Fatal Ranavirus Outbreak in a Captive Group of Meller’s Chameleons (Trioceros melleri)
American Association of Zoo Veterinarians Conference 2017
Samantha J. Sander1, DVM, DACZM; Lauren Peiffer2, DVM; Kathleen Gabrielson2, DVM, PhD; Allan Pessier3, DVM, DACVP; Matthew C. Allender4, DVM, PhD, DACZM; Thomas Waltzek5, MS, DVM, PhD; Ellen Bronson1, med vet, DACZM
1The Maryland Zoo in Baltimore, Baltimore, MD, USA; 2Department of Molecular and Comparative Pathobiology, School of Medicine, Johns Hopkins University, Baltimore, MD, USA; 3Department of Veterinary Microbiology and Pathology, College of Veterinary Medicine, Washington State University, Pullman, WA, USA; 4Department of Comparative Biosciences, College of Veterinary Medicine, University of Illinois, Urbana, IL, USA; 5Department of Infectious Diseases and Pathology, College of Veterinary Medicine, University of Florida, Gainesville, FL, USA


Five captive-bred Meller’s chameleons (Trioceros melleri) presented over a 1-mo period with severe morbidity to acute mortality. Clinical signs included lethargy, dehydration, poor appetite, dysecdysis, mucoid ocular discharge, and skin vesicles. Empirical treatment, including famciclovira (20 mg/kg p.o., s.i.d.), ceftazidimeb (30 mg/kg s.c., every 3 days), and meloxicamc (0.2 mg/kg once s.c.), gavage feeding, and subcutaneous fluid administration, was pursued without obvious clinical effect. All cases displayed rapid clinical progression, ending in natural death or euthanasia a maximum of 11 days after the onset of clinical signs. Gross necropsy lesions included mild coelomic effusion and petechiation of the tongue and kidneys. Histopathologic changes included necrosis of the spleen, liver, kidney, adrenal tissue, and nasal cavity and basophilic intracytoplasmic inclusion bodies in the liver and nasal mucosa. Viral quantitative polymerase chain reaction (PCR) from each individual was positive for ranavirus but negative for herpesvirus and adenovirus. Further, ranavirus sequencing was consistent with the known frog virus 3 strain present in the Eastern box turtle (Terrapene carolina carolina) group housed at the same facility.1 The two species had no identifiable direct or indirect sources of contact to facilitate transmission. Further, the Meller’s chameleons were housed in a mesh sided enclosure immediately adjacent to a similar enclosure housing an Oustalet’s chameleon (Furcifer oustaleti). That animal remained asymptomatic and PCR negative until its death of unrelated causes 8 mo after this outbreak. To the authors’ knowledge, this case series is the first to document ranavirus associated disease in the Chamaeleonidae family.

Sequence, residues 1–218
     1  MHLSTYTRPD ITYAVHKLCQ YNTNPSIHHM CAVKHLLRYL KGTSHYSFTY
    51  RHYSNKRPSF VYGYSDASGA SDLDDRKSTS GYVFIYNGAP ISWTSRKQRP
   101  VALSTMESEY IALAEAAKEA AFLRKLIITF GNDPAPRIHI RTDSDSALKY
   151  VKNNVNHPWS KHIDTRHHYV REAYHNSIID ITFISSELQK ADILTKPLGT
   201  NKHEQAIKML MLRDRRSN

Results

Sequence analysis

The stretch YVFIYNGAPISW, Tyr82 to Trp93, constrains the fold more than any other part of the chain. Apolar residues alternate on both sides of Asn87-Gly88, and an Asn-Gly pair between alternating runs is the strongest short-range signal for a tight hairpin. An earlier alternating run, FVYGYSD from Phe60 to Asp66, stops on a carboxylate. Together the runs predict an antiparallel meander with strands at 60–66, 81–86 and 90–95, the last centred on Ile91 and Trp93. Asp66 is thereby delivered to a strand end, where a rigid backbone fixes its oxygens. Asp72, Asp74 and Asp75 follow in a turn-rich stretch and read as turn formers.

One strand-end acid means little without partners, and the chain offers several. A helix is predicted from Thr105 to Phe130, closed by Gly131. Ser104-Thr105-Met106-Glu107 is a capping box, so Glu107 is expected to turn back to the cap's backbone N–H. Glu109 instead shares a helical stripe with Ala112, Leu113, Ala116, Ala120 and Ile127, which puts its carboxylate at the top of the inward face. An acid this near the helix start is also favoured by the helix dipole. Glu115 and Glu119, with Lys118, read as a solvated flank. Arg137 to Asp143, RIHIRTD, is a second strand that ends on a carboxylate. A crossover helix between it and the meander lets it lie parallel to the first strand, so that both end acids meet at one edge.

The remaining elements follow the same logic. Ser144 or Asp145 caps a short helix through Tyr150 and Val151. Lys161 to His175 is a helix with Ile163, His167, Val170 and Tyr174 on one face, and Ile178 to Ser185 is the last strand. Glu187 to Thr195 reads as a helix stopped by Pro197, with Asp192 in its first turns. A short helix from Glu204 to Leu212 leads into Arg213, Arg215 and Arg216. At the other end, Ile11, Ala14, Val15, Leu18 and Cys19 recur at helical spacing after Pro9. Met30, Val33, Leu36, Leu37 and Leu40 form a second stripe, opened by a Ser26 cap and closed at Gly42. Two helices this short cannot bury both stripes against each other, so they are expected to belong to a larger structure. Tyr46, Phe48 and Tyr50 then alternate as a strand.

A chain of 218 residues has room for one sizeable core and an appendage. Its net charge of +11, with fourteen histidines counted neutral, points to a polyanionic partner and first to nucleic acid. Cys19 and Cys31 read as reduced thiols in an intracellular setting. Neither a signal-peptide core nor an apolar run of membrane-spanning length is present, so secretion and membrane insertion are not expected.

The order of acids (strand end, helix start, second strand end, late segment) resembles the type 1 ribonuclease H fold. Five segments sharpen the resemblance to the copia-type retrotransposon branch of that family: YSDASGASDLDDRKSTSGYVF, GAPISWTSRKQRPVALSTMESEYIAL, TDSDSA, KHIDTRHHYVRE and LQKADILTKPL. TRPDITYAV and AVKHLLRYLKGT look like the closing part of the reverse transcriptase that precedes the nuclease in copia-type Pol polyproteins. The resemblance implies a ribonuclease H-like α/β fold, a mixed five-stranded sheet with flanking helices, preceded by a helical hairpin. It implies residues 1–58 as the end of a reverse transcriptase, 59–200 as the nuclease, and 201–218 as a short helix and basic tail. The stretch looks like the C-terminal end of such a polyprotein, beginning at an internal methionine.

a. Roxane Laboratories, Inc, Columbus, OH, USA

b. Hospira Worldwide, Inc, Lake Forest, Il, USA

c. Norbrook Laboratories Limited, MWI, Boise, ID, USA


The authors would like to thank the animal care staff at the Maryland Zoo in Baltimore for the diligent care they provided for these chameleons.

Literature Cited

1.  Sim RR, Allender MC, Crawford LK, Wack AN, Murphy KJ, Mankowski JL, Bronson E. Ranavirus epizootic in captive Eastern box turtles (Terrapene carolina carolina) with concurrent herpesvirus and Mycoplasma infection: management and monitoring. J Zoo Wildl Med. 2016;47:256–270.


Speaker Information
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Samantha J. Sander, DVM, DACZM
The Maryland Zoo in Baltimore
Baltimore, MD, USA

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